The Courier News from Blytheville, Arkansas on May 16, 1949 · Page 6
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May 16, 1949

The Courier News from Blytheville, Arkansas · Page 6

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Blytheville, Arkansas
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Monday, May 16, 1949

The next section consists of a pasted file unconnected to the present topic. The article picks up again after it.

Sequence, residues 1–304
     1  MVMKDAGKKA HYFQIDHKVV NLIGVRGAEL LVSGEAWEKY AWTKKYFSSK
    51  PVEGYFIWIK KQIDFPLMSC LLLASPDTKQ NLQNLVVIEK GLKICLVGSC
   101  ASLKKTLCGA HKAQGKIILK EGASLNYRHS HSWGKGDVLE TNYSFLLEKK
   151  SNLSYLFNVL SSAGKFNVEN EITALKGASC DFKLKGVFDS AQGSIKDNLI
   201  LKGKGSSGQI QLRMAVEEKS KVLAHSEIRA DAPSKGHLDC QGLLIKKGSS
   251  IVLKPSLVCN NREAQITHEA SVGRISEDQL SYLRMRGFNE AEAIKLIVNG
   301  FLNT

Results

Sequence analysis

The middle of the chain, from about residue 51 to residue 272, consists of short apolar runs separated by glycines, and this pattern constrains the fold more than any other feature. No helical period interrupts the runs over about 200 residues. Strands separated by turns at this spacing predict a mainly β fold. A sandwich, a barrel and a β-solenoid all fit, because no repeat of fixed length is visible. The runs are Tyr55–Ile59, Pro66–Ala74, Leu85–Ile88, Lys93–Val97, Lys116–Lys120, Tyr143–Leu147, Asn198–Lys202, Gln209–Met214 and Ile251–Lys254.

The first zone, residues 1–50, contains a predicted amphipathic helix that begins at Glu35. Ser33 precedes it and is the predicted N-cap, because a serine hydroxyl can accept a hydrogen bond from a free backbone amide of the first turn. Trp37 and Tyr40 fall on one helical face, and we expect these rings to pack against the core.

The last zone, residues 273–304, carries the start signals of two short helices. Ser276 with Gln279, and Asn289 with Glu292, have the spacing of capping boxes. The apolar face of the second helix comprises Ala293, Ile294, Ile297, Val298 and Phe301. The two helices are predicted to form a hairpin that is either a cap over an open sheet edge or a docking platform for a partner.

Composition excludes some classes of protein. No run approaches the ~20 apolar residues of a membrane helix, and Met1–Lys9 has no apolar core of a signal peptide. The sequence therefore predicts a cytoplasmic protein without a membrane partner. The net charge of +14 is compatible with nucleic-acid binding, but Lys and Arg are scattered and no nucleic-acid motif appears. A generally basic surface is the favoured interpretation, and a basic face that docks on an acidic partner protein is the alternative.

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FACT SIX ^— • i '• — •THE BLrrHBVILLB COURIER NEWS THE COUBHB «w» oa B W HAINBB, FublMiv JAKES U VEBBOCrr, Editor D HDUAM. Adr«a«ln« BLYTHEVrU,E (ARK.) COURIER NEWS MONDAY, MAY 1G, 1949 ttottooal Admttrtm RjpnKBtottvw Wttm« 00, »• Atlanta, Mempttft Kv«T Anwnoon Except Sunday -cood «"•- •»«« "j^s effie* «t BiTtbevllle, ArkanM*. under K« e* Ooo- gnu. October », !•» __ Truman and Dr. Nourse seem to be at odds over whether military aid to Ku- rope should come out of the President's budget or be an added expense. Apparently there is nothing in the economic adviser's contract which says that the President has to take his advice. The Awkward Squad Member ol Tb» AModated Pnm SUBSCRIPTION RATES: •i eurlei U> UM dtj ol BlytnevtlH or •oburteo town wbert carrier «rvio» I* 'Ji Uined aoc per week. Of 85c pel montii ifc null. *tthlr « radlu* ol M mile. M.OO pet »e»r WOO tor ill months 11.00 foi three month!; by mall- ouUidc W mlto wo* tlOHO pet yew payable lo tdvknc*. Meditations And Jem «niw«rtaf them begin t« *»y, T«ke it may m»n deceive joo.—Muk 13:5. VIEWS OF OTHERS The Administration Blunders Hatelul to me t* are the piles of hell Is he who, hiding one thing In hU heart, ullert another.—Bry int. Barbs A girt won an oratorical contest hi Indiana. It's nice to know the girls are learning to talk ft little. * * * This b a big year for curve* In basebill—and now Mae West Is reopening a ihow on Broadway, too. • » • On a golf course some girls are poor at putting but par at petting. • • • 8o<m SO.OOO Illegal residents will be deporle* this year. Increase in deporting m»y Improve our deportment. * » * The struggle for riches is vanity, says a partor. •We have an idea the average boss agrees with Him. Jewish Appeal Serves f\s Challenge to All The United Jewish Appeal in which 1250,000,000 is being sought for the rehabilitation and resettlement oi needy and homeless Jews is a campaign which challenges the interest of good citizens in free countries around the globe. It is a campaign launched by the Jews who have lived and prospered through many, many generations without a place to claim as their homeland. While deserving members of the race throughout the world, who are in need of care which they cannot provide for themselves because of persecutions, are to be the beneficiaries of the mammoth financial campaign, it also will have as one of its major objectives the emptying of displaced persons' camps in Europe and the establishment of these persons in Israel where they again can have a homeland. Blytheville is to have a part in this program and last night the leaders in the Mississippi County campaign launched a drive for |10,000 in Temple Israel. While the campaign was organized primarily as an appeal for members of their own race, it is one which has re• ceived support from others interested in helping blot out memories of injustices inflicted upon them in World War II •where Hitler's killers set out to destroy the race and confiscate the members' worldly goods. It is only natural that Jews in America should respond to such an appeal. And it is an expression of brotherhood •when members of other races join in such a movement to help less fortunate brothers. The drive is not an act of chanty. It is an investment in the future of a people who have long been oppressed, and an expression of aprecia- tion for the contributions which mem- i bers of the race have made in campaigns i conducted year after year in this country for all sorts of causes for the betterment of mankind. The vole of tile House for the Wood bill and against the Lcslnski bill now confirms an opinion, long and obviously in the making: That the administration, in the handling ol its labor legislation, has been guilty of two egregious errors in Judgment—one political, the other tactical. Even the small swing of votes which sent the Wood bill back to committee (probably killing It, loo) leaves the essentials of the situation unchanged. The political miscalculation has been the as- jiimption that the Truman-Dcmocralic victory should be credited chiefly to labor. Quite a lot ot conservative Republicans contributed to this delusion, as anyone knows who recalls the burden of their anguished cries last November. •Both public opinion pollsters and political ob- aervers hod already discounted Die labor vote when they predicted a Dewey victory. What they had not counted on was the farmer and the independent liberal. Neither of these two elements of the American electorate could be called hostile to labor. But neither gave a mandate tr«- a piece ol legislation manifestly written with the purpose ol satisfying organized labor acting as a pressure group. The tactical blunder lay In a too-literal application of the snowball theory—that since any Taft-Harllcy repealer would be bound to pick up qualifying amendments as it rolled along, the thing to do was start with the smallest bill! possible. What happened, however, was to drive a stake far on the prolabor side. And It seems to be a law of human behavior that extremes beget extremes. The reaction came In the Wood bill which, in its first form, drove another stake farther, in some respects, toward the employer position than Taft- Hartley. This left a wide area open for compromise, to be sure. But 11 also stigmatized both measures. In spite of eleventh-hour amendments accepted In desperation, the Lcslnskl bill remains In the eyes of many people H labor-dictated document. In spite ol numerous changes made before and after reaching the floor—changes which put it. net, to the liberal side of the Tall-Hartley Act— the Wood bill remains In labor's view a measure sponsored by interests they believe are bent on at least "trimming unions down to size" it not destroying them. All of these things would be handicaps In • law which thoughtful people on both the labor and management sides hope will contribute to the cause of Industrial peace. That hope rests now. as it has for some time, chicily In what will come out of the Senate—particularly in what Senators Ivcs and Morse are expected to contribute. —CHRISTIAN SCIENCE MONITOR. I Odds Are on Side of Democracy In World Conflict Against 'Isms The DOCTOR SAYS Twenty years ago there were only -i handful of physicians and research workers trying to find a. so- llution for the problems of arthritis and rheumatism. Today there are still too few, but the founding of the Arthritis and Rheumatism Foundation in 1948 and the forthcoming International Congress on 1 Rheumatic Diseases are encourag Ing .and they mean that greater cf- I forts are at hand. The first International Congress I on Rheumatic Diseases to be held lln the United States will take place in New York City the first week In | June. Leading investigators on the I rheumatic diseases from all over the world will convene for five days, pre| sentlng paucrs and comparing notes. It Is probably too much to ex- I pect that any dramatic solution to I the problem of arthritis will be announced; it is equally doubtful that I a prevention or cure for rheumatic fever, which is one of the most 1m- Iportont cases of heart disease, will By DeWttt M»cVeiwle AP Foreign Affairs Analyst Paul G. Hoffman, director of the Economic Co-operation Administration, told an Indiana University audience the other day that "our way <^ of life will be secure if Europe is strong and free in 1052." Mi. Hoffman's prediction of course Is based on the fact that the Marshall Plan Is due to wind up Its operations in 1952. He said the plan had "stopped the Kremlin cold" in Western Europe, and that if recovery is accomplished by then "It is more than probable that Die Kremlin will decide on a policy of 'live and let live.' ". That's a prophesy which Invites, analysis, and since the EC A. director isn't here to do It lor us, let's take a look at it ourselves. As I see it the position Is this: It's (me the "cold war" aspect of the Communist offensive has been halted along the Stettin- Adriatic line through Central Europe. . However, the revolutionary tactics of Communists In Western European countries—especially the powerful French and Itallian parties —continue In full force. They will gain control of their governments if it is humanly nosslble. Ited Forces Still Marching Meantime, out in the Far East sweeping Northern | be presented. Worldwide Gathering Nevertheless, the congress should greatly advance our knowledge of I Communist armies are these 'crippling diseases. Prominent! southward across China, leaders from Europe, Latin America.' I Australia. New Zealand, and else- Inhere will meet and listen to the I ideas and work of their colleagues Korea Is communistic, and is reaching for control of the southern half PETER EDSONS Washington News Notebook Democrats' Trouble Shooter Since '33 Gets Tough Maritime Commission Task of that strategic land. Burma, In-^, doncsla and other Asiatic countries ^ fromoYher p"arts"of'the'woridVThYs arc torn by communistic uprisings cannot help but stimulate them to As the signs now read the orient work even more vigorously to con- is likely to become increasingly a theatre of conflict between democracy. This being so. what basis do we find for predicting that our way of life will be secure if Europe Is strong and free in '52? Well, for one thing, while the Far East might in time become the decisive theatre In the battle of isms, the fact remains that the Western world's greatest immediate threat comes from Europe. True that threat has lessened measurably with the success of the Marshall plan *nd the signing of the Atlantic act. But the danger still exist* id will continue to exist, despile Vestern Europe's recovery, until ome furiher great development akes place. Communism May Kill Itself What new development could alter By Peter Edson NEA Washington Correspondent WASHINGTON —(NEA)— They- decentralized operations so that 13 regional directors handled most of the work. And he sold the program '11 soon be calling MaJ.-Oen. Philip 1 to industry to such a degree that It the flag Bracken Fleming, "General Fixit." now runs on momentum and you' as to hi Ever since about 1933. whenever | seldom hear of it. f there is a tough trouble-shooting 1 President Roosevelt had known to do around here, they call Fleming through earlier work in Washington. He was a protege of Gen. "Iron Pants" Hugh Johnson. He was deputy administrator of PWA under Ikes. He supervised $7.000.000 worth of work on Fass- amaquoddy till that project was hut "down. Then he was brought I told you there was an engineer sergeant in charge of the detail. Job on General Fleming. The latest one handed him is nomination to become chairman of the Maritime Commission. He says he doesn't know anything about the Maritime Commission. All he knows about ships Is what he Milestone for Hoover And His FBI ik m Another 'First' for Soviet Science? Russians arc reported transporting from Siberia to Moscow a tremendous slab of glacial ice in which there has been preserved, for thousands of years, the complete body of a mammoth, apparently in perfect condition. No doubt we shall soon see a dispatch in Pravda, citing this find as proof that •boriginial Russian scientists invented the deep freeze, only to have the idea stolen by decadent, imperialistic western capitalists. As he rounds out a quarter-century as head of the FBI, J. Edgar Hoover can look back on a career that Is unique In American government. He has built a federal police force that Is so much his own personal accomplishment that Us name and his name are synonymous in the minds of most Americans. In doing it, he has avoided Gestapo-like tactics. Though he Is the nation's No. 1 man against Communist fifth-column activities, he opposed the proposed bill outlawing the Communist party. Instead of seeking to build a monopoly of police power he has strengthened the democratic conception of that branch of government by helping police forces all over the country to Improve their effectiveness. Not everything Mr. Hoover has done has been above criticism. Many people feel that the FBI errs In sending to government departments, without comment, reports received on individuals, mixing facts with hearsay and rumor. But it is significant that In all these 25 years inert- has been no serious criticism of his motives. Noi could anyone doubt his courage or his devotion. The nation-wide fingerprint files which J. Edgar Hoover's FBI built up from nothing are an impressive accomplishment. So arc his national academy, his national crime laboratory, his uniform system of crime reporting, Ills Influence in extending federal police powers, particularly against kidnapers, bank robbers and gangsters. What ought to give him the deepest satisfaction, however, as he looks back over these 25 years of service to the Federal Government, is I lie confidence which people of all kinds impose in him. They respect and trust the FBI, and thai Is the ultimate compliment to the man who bull! it. —ST. LOUIS POST-DISPATCH. learned as an Army Engineer officer. Ho has seen duty in the Canal Zone, the Philippines and on every, district of the Mississippi river. He mentions with a quiet chuckle that before the war the Army Engineers had more shipping tonnage afloat than did the U.S. Navy. Most of the Engineers' fleet was dredges and barges and scows. But their Job was to keep merchant cargo vessels afloat. In October I03n a.= a lieutenant colncl he was holding a hearing on upper Mississippi navigation at St. Paul when he was called to c phone by General "Pa" Wrtson. loscvelt's secretary. He said the csidcnt wanted Fleming to come own to Washington and administer Fair Labor Standards Act cmlng had to ask what that was atson read it to him over th hone. He got hold of another copy f the law hi St. Paul, read It on plane to Washington and ar- ivcd' to take over the job. Cut Red Tape. Decentralized Operations In the two years he had the Job ic cut out all the red tape which equiicd every wage and hour case, be handled in Washington. He . back to Washington to co-ordinate and try to straighten out the old Tugwel! Resettlement Administration. All this experience fitted him for the Job of Federal Works Adminis- rator. (o which President Hoose- ;clt appointed him in 1941. As heac of Federal Works Agency. General ?lemin? IB in charge of the Public Roads Admintstration. the Public Buildings Administration and the Bureau of Community Facilities. He also supervises all Federal disaster relief programs and runs the Pres" You should have told him to raise gploe. and left it up to him K>W he did it?" Farms Out Responsibility General Fleming has run all his administrative jobs in Washington on this formula. He has a small personal staff—an executive officer, counsel, a budget officer and public reports officer. Then he has responsible commissioner or boss In charge of every one of his departments and he lets them "raise | quer the rheumatic diseases. It cannot be emphasized too often I that medical science, like the other sciences, depends on work done all over the world. The Ideas and the knowledge which bring forth (lie big advances in medicine are often I founded in personal contacts by I means of congresses and meetings well as by scientific writings of I workers in many lands. Note: Dr. Jordan is unable to I answer individual questions from readers. However, each day he will I answer one of the most frequently | asked questions In his column. QUESTION: How much would you I pay for a secret formula, not harm- I ful, for destroying excessive hair? ANSWER: Nothing. The medical | profession does not believe In secret remedies. If there Is anything worthwhile discovered for human ailments It should be made public property so that all may benefit. 15 Years Ago In Blytheville idcnfs Highway Safety and "ire Prevention Conferences. General Fleming's formula for successful government administration is simple. It is based lesson he learned at West Folnt where. Incidentally, he led hi.s class An Instructor gave the class a problem. Here was pole with all his flagpoles." He makes them work together, and he prides himself on their teamwork. He Is a quiet kind of operator. He doesn't look or act like a general. What he does is open to public inspection and the general himself available to newspapermen who want to come and ask him about things. But he holds no press conferences and he doesn't force his way into headlines. He makes a lot of "speeches. He was in Tuskegee. Ala., making a speech on "The Importance of Scholarship" Mrs. Wolf Arian and .daughtc Miss Florence and Kis? Naoni Feinherg left yesterday lor St. Loui for a weeks stay. A second consecutive payless pay day greeted city employees agai yesterday. Ross Beavers City Clerk .said today he could see little hop that the city would meet its Ma 15 semi-monthly payroll for KBV eral days. He predicted that a long er period would lapse before "tl ghost would walk again" than tl last time when the checks w ! ere de laved a day or two. J. F. Tompkins of Burdette was his grim picture? There seems to e only one answer to that at this eadiim. It would be the failure of Communism to held the peoples of arious countries which have been bsorbed into the Soviet bloc. That s to say, the rejection of Commun-,^ sin by these peoples. What reason is there to suppose they mieht reject it? The answer is that present day communism isn't the text-book brand of the ism which many folk had thought it to be. As Mr. Hoffman says, "basically, communism is a rather idealistic concept .carrying with It connotations of .sharing and universal . brotherhood. In its pure form, almost the worst thing that can be said about Communism is that it won't work." However, times have changed. Today's communism Isn't the old brand. It Is totalitarian bolshevism. This fact gradually has become clear since the. world war. as Corn- when iie'Yearncd that President Truman wanted him to be chairman of the Maritime Commission. This scholarship speech Is one he has made In half a dozen places thus year He has found that the elected president of the Arkansas Farm Bureau at a. reorganization sergeant men to with < do the it be done? instructor said. as a 50-foot flag- ck and tackle nec- t and an engineer i detail of eight job. How should class went to work i lot of complicated they reported, the "You're all wrong, rstand the problem. class at West Point all came from the top 25 per ecnt. scholastically. General Fleming himself would probably have been a four-star general but for a physical injury sustained in earlier service. This barred him from field command. The Army's loss was government gain elsewhere. IN HOLLYWOOD SO THEY SAY Cross Purposes Not long: ago Dr. Edwin G. Nourse, the President's principal economic adviser, said that the country was in a process of disinflation. At about the same time Mr. Truman was saying that inflation WM itill our chief danger. Now Mr. Only success In America's battle lo bring economic recovery to Europe can hall Russia's potter drive, a force as ruthless as Genghis Khan, operating with a flncssce that would have done credit lo Machiavelli.—ECA Administrator Paul G. Hoffman. • » » It Is optimistic nonsense to suppose that with all Asia in Communist hands, Japan and the Philippines will remain peacefully on our side.— MaJ.-Gcn. Claire U Chennault. * » • We want Congress to know that repeal ol the Talt-Hartlcy Act is our firm objective and we will continue lo fight for It no mailer how prolonged or difficult the slruggle,—AFL President William Green. By F.rsklne .lolmstm NKA Staff Correspondent HOLLYWOOD —iNEAl— Discount those stories you've heard about Ramon Novarro's one-time high temperature love-making. The No. 1 cnlluloid lover boy of them all says they Just aren't true "Maybe I suggested more." he told me," but I did less than any leading man on the screen today I was a gentleman. We photographed thoughts—not action. When I cd a lady it was a kiss—not bite." John Gilbert ami Valentino may have bit Ilirr (ratling ladies, bill not Novarrn. Ilr said: "1 did II rtllh .1 look." That Novarro look paid off I the lime of SIO.OOO a week whc he tvas starring 25 years apo 1 such heart throbbers as "Ben Hur "Scaramoiichc." "The Prisoner Zrnda." "The Student Prince" am when talkies came, in "The PaR Love Song" and "Song of India." Behind the Novnrro look w physical pr-rfcdion—and that dn near drove him i-ra/y. Canierame had orders to light him perfect In every .shot, to make him loo handsome In cverv scene. "By the lime they got thron liRhliiiu me like a painting 1 couldn't turn my head more than a few inches One day 1 complained: 'I can't act when 1 can't move.' " Novarro Todav A director replied: "Don't worry about acting, son. Just look handsome. You can act when you get old." ! Today, at 50 with n «ray-tlpv>crt Roateo. Ramon Novarro Is a wealthy actor. He invested wisely In real estate and when he ulavs a movie role now it is to break (he mnnnt- ony of collecting rent. You'll ice By Ersklnt Johnson NEA Staff Correspondent m iw-st with Bob Mitchum and •we Grccr in RKO's "The Big teal." lie play's a Mexican po"" Inspector—one of the few times i-'s ever played his own n»- ionalily. He was born in 1>u- rango, Mexico, ami came to the U.S. when lie «as 17. But about screen love-making of oday McK|NNEY ON BRIDGE By William E. McKennej America's Card Authoritj Written f»' NEA Servlct Correct Response Is Question Here rule never to make a jump shift bid unless I have control of at least two suits. There Is one exception, you may make a jump shift bid It you hold so many king-queen combinations that you know your partner has to hold at least three aces These hands are few and far between. Most players today consider a bid of any new suit over an original bid | as forcing. Therefore, do not paint a bad picture to your partner which i will lead him to believe you have four-star | tvvo Contro i 5 over two clubs South has a choice, he can bid three clubs or three diamonds. In either case North is now Justified In jumping to five hearts, which tells his partner that he has a powerful hand, i but did not have two controls. [south will now bid only six hearts, which he will have no trouble in making. munism has taken over country after country In Eastern Europe. There are plenty of indications that there Is dissatisfaction among the peooles of the satellites. Whether that dissatisfaction could develop to a point where those countries might reject Communism remains to be s«en. If and when that happens, the democratic way of life may be secure. Pending that contingency. the security would seem lo be doubtful. Get away from business occasion- It's cheaper to take a voluntary vacation than wait till the doctor orders it, ally. meeting held in Little Rock yesterday. W. J. Wunderlich. R. J. Dodson, James H. Bell and Max B. Reid returned yesterday from Texarkana. where lliry attended the State Lions Convention. Stringed Instrument I Just received a letter from my old friend Dadellne L,. Anderson,) who Is operating the Seattle, Wa compared with. 25 years a g o J Bridge Chib.^ ™. «.*. Jjn^ nnw is doing a great deal for HORIZONTAL _l Depicted stringed instrument 7 The player VERTICAL 1 Classes '.', Planet 3 Small denls 4 Palm lily or strums 5 Handle 6 Brazilian monty 7 Woody plant g Departed ere more suggestive occausc \i. mine is more potent than dlalc ic said "Maybe it was because the eading ladies were always in rtts- anrt not the brazen man] •hascrs they arc today." No one ever caught Novarro j ucniiiR a doll a la the Burl Lan-1 casters of today. He remembers director Fred Niblo warning him: "It you hit a woman. Ramon, the audience will never] forpive you." There was plenty of censorship 1 he- vrvnnnnevs, mostly sell-Imposed He made a picture with Alice Terry called "The Lovers." It turned out to be such a steam-heated romance. I dial nroduccr Irviiifr Thalberg gave (ho film a whole set of new sub-| tides to cool things down. * • • Bennett Ccrf reports 11: Lionel Barrymorc was asked how he enjoyed making n picture with little Margaret O'Brien. H was common knowledge that the fabulous moppet had stolen several scenes from under Mr. B.'s nose, despite nil Ills know-how and ex- pnience. Barrymorc regarded the reporter balcfully and blurted: "Two hundred years ago they'd have burned her a* a witch." asked me if I *A V A974 « K 1082 + QJ97 Rubber—Neither vul. South West North Kis» 1 V Pas» 1 i It " 13 Stoat 14 Venerate 1. •> Short si eei» 1R Enchantress 18It usually bas lnc . ipe -- string* , j c au I would settle an argument on today's hand, which had come up In I he club I do not usually enter into these arguments. I like to listen and then bring to my readers the theories brought out by various experts. Madeline said South oncr.crt the bidding with on ehcnrt. Now the argument arose as lo what North | should bid. One Play" contended that three clubs Is the only pos.sib e 26 Store 9 Average (ab.) 27 Droops 2B Distinct part orrow 33 Comfort 19 Abstract being 13 Singing group 34 Followed 20 Property item 17 R | gt , t s j,j e 35 Knterlained 21 Placed ( ab ) 37 Negligent 22 Ruthenium 2."> Posture 41 Persian fairy (symbol) 23 Victory in Europe (ab.) 24 Vipers 27 Song for iwo voices 29 Exclamation 30 It is used • orchestras 31 Thus 32 Mixed typ« 33 Pace 3fi Asterisk 33 Correlativa of cither ,19 Myself 40 Race course circuit 42 t'cminin* name 11 Total 48 High card 49 While poplar 50 Greek letter M Ointment 53 Associates 55 Redacted 56 Exhausts 42 Cloy 43 Retired 44 Concerning 45 Sad cry 46 Aid 47 Whirl 52 Near 54 French nrlicll